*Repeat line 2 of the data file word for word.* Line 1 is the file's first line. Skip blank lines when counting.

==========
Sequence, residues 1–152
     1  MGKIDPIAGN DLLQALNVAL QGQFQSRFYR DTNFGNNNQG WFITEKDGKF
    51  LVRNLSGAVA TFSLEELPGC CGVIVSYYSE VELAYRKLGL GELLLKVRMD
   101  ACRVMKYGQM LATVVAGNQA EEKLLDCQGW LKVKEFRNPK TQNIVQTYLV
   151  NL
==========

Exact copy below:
     1  MGKIDPIAGN DLLQALNVAL QGQFQSRFYR DTNFGNNNQG WFITEKDGKF